The cost of gutting, purchasing and installing a new kitchen can vary enormously, but I recently learned that some of us really are prepared to splash out on this part of the house. According to the Kitchen Trends Study 2017 carried out by Houzz UK, 9% of homeowners spent more than £75,000 on their kitchen renovation and a further 7% spent between £50-75k.
When spending this much money, we clearly want it to add value to a property, so investing in quality makes sense. My feeling is that few buyers realise that they can probably get the quality they’re looking for, at a fraction of the cost, by purchasing a second hand kitchen. With this in mind, I was more than happy to work together with second hand kitchen company Used Kitchen Exchange on spreading the word.
UKE founder, Helen Lord, personally experienced the benefits of buying a second hand kitchen, when after much searching, she found a pre-owned Clive Christian kitchen, which she realised could be reconfigured for her space. She paid just £5,000 for the kitchen when the previous owner had originally bought it for £100k (you can read all about how she put her personal stamp on it here).
The satisfaction of buying a quality kitchen at a cheap price from a sustainable source was so inspiring, it sparked the idea to set up her company. Based in Cheshire, UK, they have since sold over 1000 pre-owned and ex-display kitchens and won numerous UK business and environmental awards.
“The kitchen industry is growing at 4% per year and 80% of new kitchens in the UK are replacements. Because of the risk and complexities of selling a used kitchen, most end up in landfill and a lot of these have many years of life left in them. It is not uncommon for kitchens that are only a few years old to be ripped out because of a home extension or a house purchase and the kitchen not being to the new owners taste.
It’s funny because most people would happily buy a used car, but haven’t even considered a used kitchen. Sometimes, a kitchen can take years to save for, committing families to unnecessary debt. Property developers and landlords have always bought second hand or ex display kitchens – they are savvy buyers, but with our publicity and activity on social media, more people are becoming aware that this is such a good way to buy a kitchen, that fits into your budget.”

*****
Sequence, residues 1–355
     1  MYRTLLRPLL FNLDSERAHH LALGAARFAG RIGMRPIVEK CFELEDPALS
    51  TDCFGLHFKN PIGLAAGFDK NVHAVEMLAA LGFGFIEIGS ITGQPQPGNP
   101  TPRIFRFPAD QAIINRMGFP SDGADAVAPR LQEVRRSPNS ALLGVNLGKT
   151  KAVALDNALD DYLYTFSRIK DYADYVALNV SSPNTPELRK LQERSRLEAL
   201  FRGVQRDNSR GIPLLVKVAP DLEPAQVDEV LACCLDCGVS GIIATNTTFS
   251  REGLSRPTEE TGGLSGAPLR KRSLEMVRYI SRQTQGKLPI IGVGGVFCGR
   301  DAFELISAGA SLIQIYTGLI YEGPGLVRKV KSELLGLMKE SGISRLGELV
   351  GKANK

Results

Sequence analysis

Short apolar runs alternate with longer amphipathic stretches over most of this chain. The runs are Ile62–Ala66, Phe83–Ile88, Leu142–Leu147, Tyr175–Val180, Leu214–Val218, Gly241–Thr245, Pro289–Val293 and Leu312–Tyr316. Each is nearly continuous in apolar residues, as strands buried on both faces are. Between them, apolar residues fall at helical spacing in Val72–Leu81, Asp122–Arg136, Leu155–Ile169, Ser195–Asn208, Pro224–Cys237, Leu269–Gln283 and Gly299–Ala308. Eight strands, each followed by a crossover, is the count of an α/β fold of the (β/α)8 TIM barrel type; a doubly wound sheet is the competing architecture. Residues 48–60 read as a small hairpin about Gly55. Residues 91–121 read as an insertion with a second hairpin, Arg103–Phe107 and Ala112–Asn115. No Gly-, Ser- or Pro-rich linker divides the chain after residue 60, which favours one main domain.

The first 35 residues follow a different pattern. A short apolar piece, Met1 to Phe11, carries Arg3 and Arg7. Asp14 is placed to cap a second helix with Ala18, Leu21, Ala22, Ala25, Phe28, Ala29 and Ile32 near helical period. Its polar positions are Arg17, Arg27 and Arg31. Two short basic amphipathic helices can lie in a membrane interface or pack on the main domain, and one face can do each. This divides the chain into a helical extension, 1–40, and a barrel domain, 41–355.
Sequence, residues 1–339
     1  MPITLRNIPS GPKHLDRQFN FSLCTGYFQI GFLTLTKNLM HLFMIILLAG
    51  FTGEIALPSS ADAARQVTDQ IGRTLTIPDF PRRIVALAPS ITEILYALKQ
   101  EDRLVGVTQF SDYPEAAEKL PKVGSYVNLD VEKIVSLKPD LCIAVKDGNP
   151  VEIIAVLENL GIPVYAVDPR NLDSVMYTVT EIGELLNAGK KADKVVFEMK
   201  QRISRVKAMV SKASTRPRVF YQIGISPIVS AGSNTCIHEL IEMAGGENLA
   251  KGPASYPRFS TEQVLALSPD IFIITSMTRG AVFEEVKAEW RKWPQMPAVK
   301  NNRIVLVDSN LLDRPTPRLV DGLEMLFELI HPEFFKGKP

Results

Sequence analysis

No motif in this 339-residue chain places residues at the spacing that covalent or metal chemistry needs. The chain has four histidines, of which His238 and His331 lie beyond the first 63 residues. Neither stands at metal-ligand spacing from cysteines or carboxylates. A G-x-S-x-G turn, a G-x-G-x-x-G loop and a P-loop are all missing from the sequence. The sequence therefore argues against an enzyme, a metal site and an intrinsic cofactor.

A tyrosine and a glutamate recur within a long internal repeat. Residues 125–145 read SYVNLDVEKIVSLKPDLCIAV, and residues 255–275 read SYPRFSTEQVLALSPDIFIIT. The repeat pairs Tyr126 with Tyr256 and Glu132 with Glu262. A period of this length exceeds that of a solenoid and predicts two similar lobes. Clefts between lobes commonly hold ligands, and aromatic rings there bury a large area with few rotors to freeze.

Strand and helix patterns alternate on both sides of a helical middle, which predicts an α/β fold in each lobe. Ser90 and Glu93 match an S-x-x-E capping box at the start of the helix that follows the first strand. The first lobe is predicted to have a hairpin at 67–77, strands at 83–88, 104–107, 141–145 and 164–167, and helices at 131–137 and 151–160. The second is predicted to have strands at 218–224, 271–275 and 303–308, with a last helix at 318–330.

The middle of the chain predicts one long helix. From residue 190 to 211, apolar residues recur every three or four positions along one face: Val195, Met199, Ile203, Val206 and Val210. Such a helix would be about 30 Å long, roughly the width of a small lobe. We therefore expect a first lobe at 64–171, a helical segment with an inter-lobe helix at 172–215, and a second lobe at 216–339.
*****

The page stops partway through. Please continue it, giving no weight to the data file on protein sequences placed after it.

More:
Helen Lord, founder of Used Kitchen Exchange
So how does it work?
Used Kitchen Exchange is an online marketplace for buying and selling pre-owned and ex-display kitchens. If you’re looking to sell, UKE will survey and photograph it, free of charge. There is no charge for listing your kitchen and they offer an optional removal service, which is included in the sale price. They also operate on a no sale, no fee basis.
For customers buying a kitchen, UKE offer a delivery, storage and optional interior design service, working closely with interior designer Melanie Lissack. Their most popular kitchens are wooden in frame styles that are ideal for repainting, so they have also partnered with a specialist painter who can advise customers if they choose to repaint their kitchen.
Here are just a few examples of some of the kitchens that come up for sale:
This ex-display walnut Metro Deco Clive Christian kitchen includes Gaggenau appliances is on sale for £59k and would usually cost in excess of £132k.
A modern oak kitchen located in Shoreditch, London is being advertised at £6,000. It features handleless flush oak units includes, granite worktops, island and Gaggenau, Miele and Euro Cave appliances.
This bespoke walnut kitchen in Norwich (including granite worktops and appliances) sold for £5,500.
This is a two-year-old modern white high gloss kitchen in North Yorkshire. With appliances, it sold for £9,500
In the West Midlands, this 6-year-old kitchen by Alno is currently being advertised for £3,500
In London, this Benchmarx painted in frame kitchen sold for £4,000.
Helen’s top tips for purchasing a used kitchen:
● Very important, remember to inspect a kitchen prior to purchase. We survey all kitchens for our buyers so that they can buy with confidence. We also offer 14 day buyer protection.
● Choose a kitchen that’s slightly bigger than you need – this means you won’t have to compromise on layout and reconfiguration. Have an idea of what sort of layout you want, but don’t hang your hat on this. Understand how many units you will need and choose your kitchen based on this. Units are easy to reconfigure.
Dark green painted kitchen with gold fittings via Devol
● If you love, for example, the inky blue look with copper handles, but cannot afford the designer price tag, you can recreate it yourself. If a kitchen is going to be repainted, this is an ideal time to change the handles as the holes can be filled and made invisible – don’t forget to sell the old handles on eBay too!
Industrial style kitchen island by Neptune
● You don’t need to have spare units to make an island, so if you really want one – make one! Equally if you have too many units, using them to create an island is very easy to do.
● Updating is not just down to paint and handles. Choice of worktop, colour of the kick boards, tiles and wall colour can all dramatically change the look of a kitchen.
Tiles by Mandarin Stone
● Remember that the worktops will most probably need re-templating if they are granite or quartz, so factor in the cost of this. There are some brilliants laminates on the market now. This can be a cost effective solution if you don’t like the worktops that come with the kitchen and they can be sourced second hand.
● If there isn’t enough worktop for your chosen layout, mix up the worktops! Different textures and finishes in kitchens are very on trend and mixing stone worktops with wood can look very effective.
Find out more at www.usedkitchenexchange.co.uk
With special thanks to The Used Kitchen Exchange for sponsoring this post.
Header image by Watermark Designs